This week’s edition of Silver Screen Feds goes back to the Roaring Twenties and the lawless days of Prohibition, to look at the best and worst Treasury agents who ever busted up a still on-screen: Legendary lawman Eliot Ness from the 1987 film “The Untouchables,” and deeply disturbed Agent Nelson Van Alden from HBO’s series “Boardwalk Empire.”
BEST FEDS: Eliot Ness, Treasury Department, “The Untouchables” (Andy Medici)
How do you take down one of the most notorious criminals in America’s history? How do you capture and convict a man responsible for gang violence, murder and untold corruption?
Why, with a Treasury Department employee of course.
And when your target is Al Capone — especially Robert De Niro playing Al Capone — your only hope is Kevin Costner as a highly stylized and ultimately effective Eliot Ness.
If you have money invested in the Thrift Savings Plan’s G-Fund, take a bow. Your retirement nest egg is now part of a strategy to stave off worldwide financial calamity.
That’s because the Treasury Department intends to intentionally stiff the fund as one of several “extraordinary measures” announced last month to buy time after the government hit its legal $16.4 trillion debt ceiling Dec. 31.
Here’s how it works: the fund—technically known as the Government Securities Investment Fund—is continually re-invested in short-term government bonds. Because those bonds count toward the debt ceiling, Treasury suspends re-investments to free up more borrowing “headroom.” The G-Fund’s balance is currently about $156 billion, making the suspension by far the most significant of the steps now under way to delay a government default that many economists say would trigger a global panic.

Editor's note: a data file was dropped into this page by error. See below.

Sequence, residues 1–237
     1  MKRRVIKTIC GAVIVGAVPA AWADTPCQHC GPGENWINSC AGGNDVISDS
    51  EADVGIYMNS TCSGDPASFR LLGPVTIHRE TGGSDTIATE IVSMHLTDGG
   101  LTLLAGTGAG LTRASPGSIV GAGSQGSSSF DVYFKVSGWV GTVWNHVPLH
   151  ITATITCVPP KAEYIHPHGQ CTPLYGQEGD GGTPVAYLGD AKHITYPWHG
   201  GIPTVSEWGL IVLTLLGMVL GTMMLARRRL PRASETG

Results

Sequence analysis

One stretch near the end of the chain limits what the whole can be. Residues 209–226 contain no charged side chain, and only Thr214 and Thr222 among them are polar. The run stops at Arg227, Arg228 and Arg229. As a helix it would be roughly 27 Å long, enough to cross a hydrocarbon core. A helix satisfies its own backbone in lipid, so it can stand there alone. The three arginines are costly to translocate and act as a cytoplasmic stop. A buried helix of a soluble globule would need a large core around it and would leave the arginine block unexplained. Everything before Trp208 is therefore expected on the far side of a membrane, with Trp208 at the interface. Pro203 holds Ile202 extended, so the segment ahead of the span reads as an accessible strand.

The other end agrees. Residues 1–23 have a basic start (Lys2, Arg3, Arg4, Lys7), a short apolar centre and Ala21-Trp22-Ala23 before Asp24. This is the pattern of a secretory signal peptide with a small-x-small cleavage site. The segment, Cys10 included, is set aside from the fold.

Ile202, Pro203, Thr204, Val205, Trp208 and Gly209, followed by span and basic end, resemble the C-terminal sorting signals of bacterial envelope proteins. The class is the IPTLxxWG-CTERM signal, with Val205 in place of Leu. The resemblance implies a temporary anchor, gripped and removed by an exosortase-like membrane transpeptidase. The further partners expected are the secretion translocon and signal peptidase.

The tactic is nothing new; Treasury used it during the last debt ceiling crisis in 2011. But if money is lying fallow, it’s not earning interest. The 2011 suspension temporarily cost the G-fund $378.5 million, the Government Accountability Office reported last year. But by law, the Treasury Department has to make the fund whole. In its July report, the GAO confirmed that the fund had indeed been “fully restored.”
Understandably, however, feds are nervous. In a message posted on the TSP’s web site, Executive Director Greg Long reiterated that existing law “will work to ensure that G Fund investors are completely unaffected” by Treasury’s tactics. Loans and withdrawals will not be affected, Long added.
[This post has been updated.]
It’s official: The Thrift Savings Plan’s G-Fund is back to full strength after losing almost $400 million courtesy of last year’s debt ceiling showdown.
The confirmation comes from a Government Accountability Office review of the Treasury Department’s maneuvering to head off an unprecedented U.S. default after Congress initially deadlocked over raising the nation’s borrowing limit. The standoff was resolved (at least temporarily) last August with approval of the Budget Control Act, which traded a debt-ceiling increase for spending cuts.